Show up.  Be early or on time.  Put away your phone and your e-mail.  Get your coffee in advance of the meeting start time. Look everyone in the eye and introduce yourself to those you don’t know. Be fully present in each meeting you attend.  Bring a notebook and a pen and place them on the desk in front of you at the beginning of the meeting.  Use them to keep track of what’s being said so that you always know where the conversation is going. After all, you must be present to win.

Sit up. Research has shown that our body language effects how others see us and reflects our feelings about ourselves.  The surprise is that body language also effects how we feel about ourselves.  If you haven’t seen Amy Cuddy’s TED talk on this subject, be sure to check it out.  (Try a power pose in Step 1 of this post!) Then, next time you go to a meeting or have an important conversation, sit forward in your chair with one foot flat on the floor and the other slightly behind the first as if you are getting ready to stand.  This creates energy, space to breathe, and a feeling of confidence.  Lean forward to listen to others to show that you are listening, and, surprise! That posture will make it easier to listen and stay tuned in.

Speak up.  To find your voice you have to use it.  This is true for your physical voice as well as your other voice – the voice of you as your opinions and ideas in the world. Assume you have something to say and say it.  Voice your opinion and make suggestions. Make sure that delivery is in alignment with intention. Create an opening and a close for every presentation. Allow yourself to be reminded of stories (short ones) and share them.

Connect with your message and your thoughts. Research tells us that passion and energy are encouraged if you want to be memorable. Ask questions; Berson and Steglitz, the authors of the book Leadership Conversations say, “While managers are more likely to be answering questions, a great leader routinely asks them.”If you are shy or have trouble speaking up, go back to step #1 and prepare something to say.  Create questions you want answered. Practice aloud before the meeting.  If your voice isn’t strong, strengthen it.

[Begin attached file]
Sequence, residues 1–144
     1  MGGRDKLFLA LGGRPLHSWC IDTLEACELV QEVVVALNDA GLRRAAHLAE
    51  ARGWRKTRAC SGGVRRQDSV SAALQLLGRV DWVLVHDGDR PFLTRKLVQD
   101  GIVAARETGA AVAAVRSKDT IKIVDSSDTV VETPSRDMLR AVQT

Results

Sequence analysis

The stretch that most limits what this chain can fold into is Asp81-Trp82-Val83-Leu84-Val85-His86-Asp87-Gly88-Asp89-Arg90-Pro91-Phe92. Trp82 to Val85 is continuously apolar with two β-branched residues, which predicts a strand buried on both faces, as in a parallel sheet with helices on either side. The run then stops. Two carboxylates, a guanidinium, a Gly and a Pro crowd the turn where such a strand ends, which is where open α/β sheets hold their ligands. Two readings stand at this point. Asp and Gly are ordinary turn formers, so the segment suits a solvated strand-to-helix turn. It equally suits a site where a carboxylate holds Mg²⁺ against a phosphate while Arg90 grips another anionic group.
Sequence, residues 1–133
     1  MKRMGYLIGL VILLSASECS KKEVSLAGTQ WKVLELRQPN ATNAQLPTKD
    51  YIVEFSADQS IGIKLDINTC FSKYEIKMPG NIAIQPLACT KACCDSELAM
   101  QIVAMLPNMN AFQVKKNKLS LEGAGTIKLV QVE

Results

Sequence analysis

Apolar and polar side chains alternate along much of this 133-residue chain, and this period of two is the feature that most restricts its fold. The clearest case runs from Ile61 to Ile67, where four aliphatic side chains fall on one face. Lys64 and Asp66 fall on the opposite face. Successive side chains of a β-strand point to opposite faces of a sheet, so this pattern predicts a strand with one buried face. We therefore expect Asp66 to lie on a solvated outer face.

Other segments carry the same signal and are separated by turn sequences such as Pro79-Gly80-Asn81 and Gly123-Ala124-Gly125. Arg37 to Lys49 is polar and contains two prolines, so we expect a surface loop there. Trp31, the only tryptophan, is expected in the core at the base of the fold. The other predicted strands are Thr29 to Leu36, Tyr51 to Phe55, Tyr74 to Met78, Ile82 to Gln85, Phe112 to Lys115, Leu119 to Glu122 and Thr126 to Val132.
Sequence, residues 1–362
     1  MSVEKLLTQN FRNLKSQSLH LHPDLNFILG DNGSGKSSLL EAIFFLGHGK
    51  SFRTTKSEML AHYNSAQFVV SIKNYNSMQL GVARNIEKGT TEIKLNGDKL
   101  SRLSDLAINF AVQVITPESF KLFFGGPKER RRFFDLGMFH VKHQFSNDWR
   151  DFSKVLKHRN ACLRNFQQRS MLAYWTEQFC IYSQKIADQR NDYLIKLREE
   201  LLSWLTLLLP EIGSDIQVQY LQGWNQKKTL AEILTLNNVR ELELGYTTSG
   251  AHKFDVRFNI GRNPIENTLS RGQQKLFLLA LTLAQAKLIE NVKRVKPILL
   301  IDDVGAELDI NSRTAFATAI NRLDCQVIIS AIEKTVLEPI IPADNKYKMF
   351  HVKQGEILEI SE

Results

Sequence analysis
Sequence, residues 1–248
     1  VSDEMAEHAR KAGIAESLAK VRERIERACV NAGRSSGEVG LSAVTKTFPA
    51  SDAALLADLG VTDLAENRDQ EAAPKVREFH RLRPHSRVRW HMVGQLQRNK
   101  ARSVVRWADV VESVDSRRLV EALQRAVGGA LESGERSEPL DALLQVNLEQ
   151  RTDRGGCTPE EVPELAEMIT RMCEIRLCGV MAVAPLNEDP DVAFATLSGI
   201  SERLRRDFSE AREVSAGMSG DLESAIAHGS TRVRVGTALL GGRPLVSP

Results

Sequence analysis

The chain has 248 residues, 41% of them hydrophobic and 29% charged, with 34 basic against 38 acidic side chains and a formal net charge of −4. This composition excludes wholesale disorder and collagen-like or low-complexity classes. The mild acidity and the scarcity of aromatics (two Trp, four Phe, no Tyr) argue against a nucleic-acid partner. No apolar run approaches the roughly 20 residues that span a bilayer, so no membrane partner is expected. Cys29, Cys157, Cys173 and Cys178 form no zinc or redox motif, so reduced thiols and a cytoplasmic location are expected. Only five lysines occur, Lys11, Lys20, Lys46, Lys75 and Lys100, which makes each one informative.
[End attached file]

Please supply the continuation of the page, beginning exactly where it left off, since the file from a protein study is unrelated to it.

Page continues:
handshakeTie it up.   There is nothing worse than a meeting that just fades away at the end, leaving people unclear about next steps or what was actually accomplished.  A leader calls for action, creates closure. Take charge and summarize the discussion, especially if no one else does.  Demonstrate that you have heard others by repeating back what has been concluded. If there is contention, jump in and work to help solve conflicts. Then make sure everyone’s voice is heard in the summary.  Make sure there are next steps and that they are documented.  Follow up with an email to all participants.

Summary:

Some people seem to be born with the ability to jump into meetings and voice their opinions.  Those people can easily dominate a meeting or conversation.  They know that the  answer to being more influential lies in creating a leadership voice that is more than just your physical voice but includes it, too. Every leader has cultivated some aspect of their leadership voice, be it their expertise, their charisma, their speaking skills or their confidence. They’ve probably taken classes, read books, observed other leaders.  Then, they’ve gained experience and knowledge by taking chances, speaking up, and trusting that what they have to say is worth people’s time and attention.

Related reading:

How to create a voice with executive presence. 

The battle for audience attention:  Why stay awake in conversation?   On Max Atkinson’s blog.

Stop Being an Order Taker, on the blog, Stephen Shapiro’s 24/7 Innovation

Create a NICE Opening and a RICH Close

The Secret to Preparing Successfully for a Meeting, Dr. Nick Morgan on Forbes